Calico Rock Museum and Visitor Center

The Calico Rock Museum and Visitor Center, which was formally dedicated on April 12, 2014, occupies two of the oldest surviving buildings in downtown Calico Rock (Izard County): the E. N. Rand Building (built in 1903) and the Bluff City Bank Building (built in 1896). The museum foundation also owns the 1906 Calico Rock Progress Building, which houses a café and ice cream parlor. While the museum preserves and displays the art and history of the community, it also has a contract with the City of Calico Rock to provide visitor center services. In 2007, a group of interested citizens formed the Calico Rock Organization for Revitalization Efforts (CORE) and began searching for a location to establish a museum to …

Camden Daffodil Festival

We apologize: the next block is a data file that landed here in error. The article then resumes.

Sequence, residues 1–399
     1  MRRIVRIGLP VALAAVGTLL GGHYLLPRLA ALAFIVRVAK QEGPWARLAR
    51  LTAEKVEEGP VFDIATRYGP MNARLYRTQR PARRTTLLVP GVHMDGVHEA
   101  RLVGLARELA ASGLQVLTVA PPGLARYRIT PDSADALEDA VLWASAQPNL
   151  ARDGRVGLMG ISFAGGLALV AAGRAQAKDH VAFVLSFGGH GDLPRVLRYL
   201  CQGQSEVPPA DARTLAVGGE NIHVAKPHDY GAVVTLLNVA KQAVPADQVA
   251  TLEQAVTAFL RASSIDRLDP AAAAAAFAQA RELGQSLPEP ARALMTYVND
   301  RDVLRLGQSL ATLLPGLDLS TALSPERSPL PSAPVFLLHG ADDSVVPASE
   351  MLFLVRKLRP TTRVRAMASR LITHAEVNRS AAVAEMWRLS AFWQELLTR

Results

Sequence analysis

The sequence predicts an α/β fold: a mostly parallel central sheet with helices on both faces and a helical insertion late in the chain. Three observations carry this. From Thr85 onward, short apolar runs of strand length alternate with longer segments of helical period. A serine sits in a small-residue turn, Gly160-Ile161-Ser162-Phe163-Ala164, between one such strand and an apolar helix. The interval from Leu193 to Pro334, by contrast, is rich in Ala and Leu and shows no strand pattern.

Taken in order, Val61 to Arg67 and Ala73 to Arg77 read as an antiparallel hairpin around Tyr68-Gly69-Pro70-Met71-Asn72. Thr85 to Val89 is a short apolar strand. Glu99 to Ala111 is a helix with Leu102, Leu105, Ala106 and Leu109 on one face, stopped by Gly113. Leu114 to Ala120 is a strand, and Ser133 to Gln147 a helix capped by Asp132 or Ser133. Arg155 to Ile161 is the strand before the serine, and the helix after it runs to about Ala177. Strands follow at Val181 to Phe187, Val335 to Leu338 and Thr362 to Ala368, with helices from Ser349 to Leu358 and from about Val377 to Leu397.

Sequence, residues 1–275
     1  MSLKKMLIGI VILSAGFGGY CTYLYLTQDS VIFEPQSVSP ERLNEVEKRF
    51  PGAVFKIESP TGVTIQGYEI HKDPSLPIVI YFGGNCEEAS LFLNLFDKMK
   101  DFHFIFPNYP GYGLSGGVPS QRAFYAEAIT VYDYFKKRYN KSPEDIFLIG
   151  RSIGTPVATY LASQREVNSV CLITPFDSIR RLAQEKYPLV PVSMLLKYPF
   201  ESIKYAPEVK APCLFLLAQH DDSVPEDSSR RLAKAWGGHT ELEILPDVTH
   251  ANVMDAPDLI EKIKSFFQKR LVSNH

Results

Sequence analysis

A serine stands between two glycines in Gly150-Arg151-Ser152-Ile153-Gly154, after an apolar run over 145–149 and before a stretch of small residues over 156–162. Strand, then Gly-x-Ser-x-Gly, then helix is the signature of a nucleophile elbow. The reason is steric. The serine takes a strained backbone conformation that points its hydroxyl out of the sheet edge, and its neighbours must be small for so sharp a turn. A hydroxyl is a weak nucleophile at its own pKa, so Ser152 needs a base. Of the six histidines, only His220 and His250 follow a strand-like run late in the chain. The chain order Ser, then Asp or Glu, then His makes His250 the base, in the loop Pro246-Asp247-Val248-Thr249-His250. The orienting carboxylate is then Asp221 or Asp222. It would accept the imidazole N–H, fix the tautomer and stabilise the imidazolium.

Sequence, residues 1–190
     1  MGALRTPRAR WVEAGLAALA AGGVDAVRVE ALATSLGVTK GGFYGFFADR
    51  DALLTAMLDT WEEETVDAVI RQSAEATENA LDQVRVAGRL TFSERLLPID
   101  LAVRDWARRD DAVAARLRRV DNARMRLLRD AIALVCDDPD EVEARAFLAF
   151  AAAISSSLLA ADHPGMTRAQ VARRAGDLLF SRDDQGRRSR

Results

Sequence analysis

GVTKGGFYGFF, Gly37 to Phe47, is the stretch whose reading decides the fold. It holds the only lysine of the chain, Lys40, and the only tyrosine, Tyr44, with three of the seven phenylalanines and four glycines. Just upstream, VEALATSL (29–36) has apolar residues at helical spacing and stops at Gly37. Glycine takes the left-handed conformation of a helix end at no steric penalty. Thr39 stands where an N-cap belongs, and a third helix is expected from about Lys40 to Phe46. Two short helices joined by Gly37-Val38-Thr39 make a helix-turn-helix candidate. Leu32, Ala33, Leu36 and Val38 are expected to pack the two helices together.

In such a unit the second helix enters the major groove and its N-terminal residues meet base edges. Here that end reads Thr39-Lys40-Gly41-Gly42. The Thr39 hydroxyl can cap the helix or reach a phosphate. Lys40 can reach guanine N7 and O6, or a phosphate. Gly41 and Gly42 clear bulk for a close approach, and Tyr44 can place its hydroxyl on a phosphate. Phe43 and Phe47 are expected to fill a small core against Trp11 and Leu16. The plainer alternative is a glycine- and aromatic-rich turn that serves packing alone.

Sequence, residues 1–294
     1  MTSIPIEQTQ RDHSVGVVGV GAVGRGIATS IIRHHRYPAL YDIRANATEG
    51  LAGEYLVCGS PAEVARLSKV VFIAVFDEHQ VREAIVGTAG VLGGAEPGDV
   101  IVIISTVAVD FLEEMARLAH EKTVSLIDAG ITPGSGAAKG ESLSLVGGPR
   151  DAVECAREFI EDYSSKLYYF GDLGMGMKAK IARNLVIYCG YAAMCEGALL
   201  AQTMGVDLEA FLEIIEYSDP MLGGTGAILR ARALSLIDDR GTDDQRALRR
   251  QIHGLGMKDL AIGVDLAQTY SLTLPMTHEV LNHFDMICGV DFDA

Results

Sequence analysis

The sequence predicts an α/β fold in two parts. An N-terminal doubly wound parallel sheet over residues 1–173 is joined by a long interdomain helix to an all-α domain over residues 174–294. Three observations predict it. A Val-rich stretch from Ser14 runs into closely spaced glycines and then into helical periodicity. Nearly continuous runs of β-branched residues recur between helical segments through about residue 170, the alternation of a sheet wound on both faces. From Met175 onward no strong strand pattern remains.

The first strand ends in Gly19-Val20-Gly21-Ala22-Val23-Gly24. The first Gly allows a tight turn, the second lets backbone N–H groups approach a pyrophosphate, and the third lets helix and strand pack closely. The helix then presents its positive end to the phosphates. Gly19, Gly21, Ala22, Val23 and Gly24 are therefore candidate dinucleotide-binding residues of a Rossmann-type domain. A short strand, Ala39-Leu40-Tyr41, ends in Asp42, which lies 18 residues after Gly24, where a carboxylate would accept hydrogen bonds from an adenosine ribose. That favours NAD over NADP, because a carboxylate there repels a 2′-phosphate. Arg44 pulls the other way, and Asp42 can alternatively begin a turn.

The Camden Daffodil Festival originated from a move to raise money for the restoration of a historic building in Camden (Ouachita County) and has become a means of promoting tourism in the area. The profits from the festival are donated to the community to promote tourism and help sustain the McCollum-Chidester House, which was built in 1847. It is today a museum maintained by the Ouachita County Historical Society. The Camden Daffodil Festival was started in 1994 by Dennis and Roxane Daniel as a result of a group of women motivated to help raise enough money to restore the old, dilapidated Missouri Pacific Train Depot and turn it into a historical site that would house the Camden Area Chamber of …